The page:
SpaceX Upgrades Crew Dragon Spaceship After Minor Problems In Previous Mission
Officials from the National Aeronautics and Space Administration (NASA), the Japan Aerospace Exploration Agency (JAXA), the European Space Agency (ESA) and Space Exploration Technologies Corp. (SpaceX) provided more details about the upcoming Crew-2 mission to the International Space Station (ISS) today in a news conference. This mission will fly onboard SpaceX's Crew Dragon spacecraft and the Falcon 9 rocket, with NASA targeting the end of March for liftoff.
During the conference, NASA's program manager for the Commercial Crew Program (CCP) Mr.Steve Stich and SpaceX's director of crew mission management Mr. Benjamin Reed shared details for the agency and the company's plans to reuse a Crew Dragon vehicle for the first time, as SpaceX scales up its crewed flights to the ISS. These details included their plans to relocate the Crew-1 Dragon currently docked on the station to another port and the safety upgrades that SpaceX has made to the Crew-2 vehicle.
SpaceX To Upgrade Crew Dragon's Super Draco Thrusters, Launch Abort System and Structural Integrity Ahead Of Second Operational Crewed ISS Flight
The upcoming Crew-2 flight to the ISS will reuse the Crew Dragon capsule that took astronauts Robert Behnken and Douglas Hurley to the ISS last year as part of NASA's DM-2 mission that returned human spaceflight from U.S. soil. This spacecraft will include several safety upgrades that are designed to improve astronauts' ability to abort the mission in case of anomalies and tenure that the Dragon is capable of withstanding strong ocean currents following splashdown.
The former comes in the form of upgrading Dragon's Super Draco thrusters to provide more fuel in case of a launch abort. SpaceX's spacecraft is equipped with these thrusters to allow astronauts to jettison away from the Falcon 9 rocket while it is on the launch pad and fully loaded with fuel and while it is ascending to escape the Earth's atmosphere.
As part of the Super Draco upgrade, SpaceX will replace some of the engine's titanium components with stainless steel.
The latter involves strengthening the spacecraft's hull to allow it to better withstand the secondary impact of salty ocean water post-splashdown. This impact occurs as the Dragon displaces water as it hits the ocean surface, with the saltwater making refurbishment difficult.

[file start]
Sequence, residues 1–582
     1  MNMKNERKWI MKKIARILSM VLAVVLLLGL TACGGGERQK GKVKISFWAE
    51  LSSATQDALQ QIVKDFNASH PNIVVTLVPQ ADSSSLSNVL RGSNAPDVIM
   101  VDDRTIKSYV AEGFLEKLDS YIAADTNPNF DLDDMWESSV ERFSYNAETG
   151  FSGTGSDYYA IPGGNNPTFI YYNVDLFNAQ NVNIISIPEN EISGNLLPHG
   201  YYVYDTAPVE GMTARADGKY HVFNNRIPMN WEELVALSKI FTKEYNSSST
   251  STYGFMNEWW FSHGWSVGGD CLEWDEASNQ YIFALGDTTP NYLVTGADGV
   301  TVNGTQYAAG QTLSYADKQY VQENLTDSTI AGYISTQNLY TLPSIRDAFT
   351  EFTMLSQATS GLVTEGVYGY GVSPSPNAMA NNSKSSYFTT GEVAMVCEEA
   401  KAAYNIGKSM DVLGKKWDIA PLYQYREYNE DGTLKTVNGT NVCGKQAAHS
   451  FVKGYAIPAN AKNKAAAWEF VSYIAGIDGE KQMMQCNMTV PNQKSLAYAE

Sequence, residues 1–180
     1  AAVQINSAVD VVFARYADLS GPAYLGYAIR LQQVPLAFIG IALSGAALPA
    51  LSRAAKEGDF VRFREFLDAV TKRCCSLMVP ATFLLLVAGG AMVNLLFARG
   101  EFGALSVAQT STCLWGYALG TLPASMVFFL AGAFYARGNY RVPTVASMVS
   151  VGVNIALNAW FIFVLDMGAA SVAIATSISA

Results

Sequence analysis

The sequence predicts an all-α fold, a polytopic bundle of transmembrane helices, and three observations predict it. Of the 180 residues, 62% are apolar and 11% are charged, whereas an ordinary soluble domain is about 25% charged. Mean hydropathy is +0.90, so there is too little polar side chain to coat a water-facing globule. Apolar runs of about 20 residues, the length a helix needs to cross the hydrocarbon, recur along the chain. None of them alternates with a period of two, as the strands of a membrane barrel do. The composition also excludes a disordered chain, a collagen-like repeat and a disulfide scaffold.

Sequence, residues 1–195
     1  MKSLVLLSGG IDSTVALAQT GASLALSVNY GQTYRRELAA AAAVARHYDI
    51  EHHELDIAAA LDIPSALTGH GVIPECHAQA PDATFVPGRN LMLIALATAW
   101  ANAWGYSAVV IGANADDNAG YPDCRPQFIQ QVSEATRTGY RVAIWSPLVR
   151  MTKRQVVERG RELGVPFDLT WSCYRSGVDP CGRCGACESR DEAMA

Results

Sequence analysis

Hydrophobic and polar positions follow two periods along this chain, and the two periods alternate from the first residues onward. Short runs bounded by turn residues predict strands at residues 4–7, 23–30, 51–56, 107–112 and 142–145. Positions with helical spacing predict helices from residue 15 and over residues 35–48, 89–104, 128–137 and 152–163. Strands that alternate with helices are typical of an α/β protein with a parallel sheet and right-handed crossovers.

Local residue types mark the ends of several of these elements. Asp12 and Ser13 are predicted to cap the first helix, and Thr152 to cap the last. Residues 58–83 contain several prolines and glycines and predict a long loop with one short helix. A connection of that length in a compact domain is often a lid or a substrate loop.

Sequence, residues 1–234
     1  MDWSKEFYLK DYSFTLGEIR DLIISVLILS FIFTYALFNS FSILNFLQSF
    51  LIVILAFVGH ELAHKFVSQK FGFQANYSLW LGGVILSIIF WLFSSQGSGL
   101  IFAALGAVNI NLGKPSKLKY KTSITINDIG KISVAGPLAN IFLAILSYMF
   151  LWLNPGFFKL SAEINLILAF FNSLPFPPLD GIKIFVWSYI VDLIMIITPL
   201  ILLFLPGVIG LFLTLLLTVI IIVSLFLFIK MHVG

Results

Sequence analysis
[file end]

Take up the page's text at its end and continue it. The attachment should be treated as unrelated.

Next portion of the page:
Both these changes will also improve mission timelines, as the improved thrusters will allow for greater leeway in accounting for winds for takeoff and the improved hull will allow for tolerating higher currents for splashdown. These factors have hindered operational planning for the Crew-1 and DM-2 missions.
Other changes to the Dragon include some new valves and thermal control systems alongside a new heatshield and a new nose cone. The heatshield became the center of attention as this vehicle returned to Earth after completing the DM-2 mission, due to unexpected erosion in the areas that connect it to the spacecraft's main body. In a post-mission press conference, SpaceX's vice president of build and reliability Mr. Hans Koenigsmann stated that this was a "safe event" and that the crew was safe at all times. In a subsequent press conference, Mr. Reed highlighted that his company had tested the vehicle for a staggering eight million hours through simulations and that it was fully prepared for the upcoming Crew-1 mission.
During the Crew-1 mission, the Crew Dragon's thermal control systems also developed problems with a pressure pump during the activation and rendevous operation phase. This phase fires up the spacecraft's engines' to enable it to orient itself for docking with the ISS. During one of the activation phases, a fault detection system (FDIR) triggered what mission control at Hawthorne described as a "false flag on loop bravo" and "loop alpha", and once both were cleared, both would run at half the speed for normal operations. Given that these appear to be precisely the components that SpaceX is upgrading as stated by Mr. Reed, it's highly likely that the company is rectifying the problems. Yet, since the executive did not explicitly state that the problems were what forced the upgrade, all conclusions are inferential in nature.
Crew Dragon's thermal control systems were not the only equipment to behave off nominally during its journey to the space station. The spacecraft's propellant heaters for the Super Draco also malfunctioned during flight, with three of four heaters for one quadrant being disabled. Redundancy requires at least two to be functioning, as the Super Draco's are critical for the Dragon's flight to and from the ISS.
Before Crew-2 takes to the skies, NASA and SpaceX will also relocate the Crew-1 Dragon currently docked to the ISS's Node-2 Forward port to the Note-2 Zenith port. The relocation will mark the first time such a change has taken place from U.S. soil and it will take roughly 50 minutes according to Mr. Stich. During this time, SpaceX will also have a recovery ship waiting on Earth in case the spacecraft fails and has to land, with the Crew-1 astronauts being present inside the Dragon with their suits on to monitor the automated process.
The Crew-2 vehicle is currently at the Cape Canaveral Space Force Station in Florida, and astronauts Shane Kimbrough, Megan McArthur, Akihiko Hoshide and Thomas Pesquet set to visit the vehicle to carry out the Crew Equipment Interface Test (CEIT) later this month. This will allow the crew to test the vehicle one final time before they take it to the skies, and they have already trained on the Dragon in SpaceX's facilities in Hawthorne. The company has completed its docking review with the ISS, its software is on lockdown and the final certification process is underway explained Mr. Reed.
Updated March 3, 2021, at 19:09 EST with the correct image of the Crew Dragon. The error is regretted.
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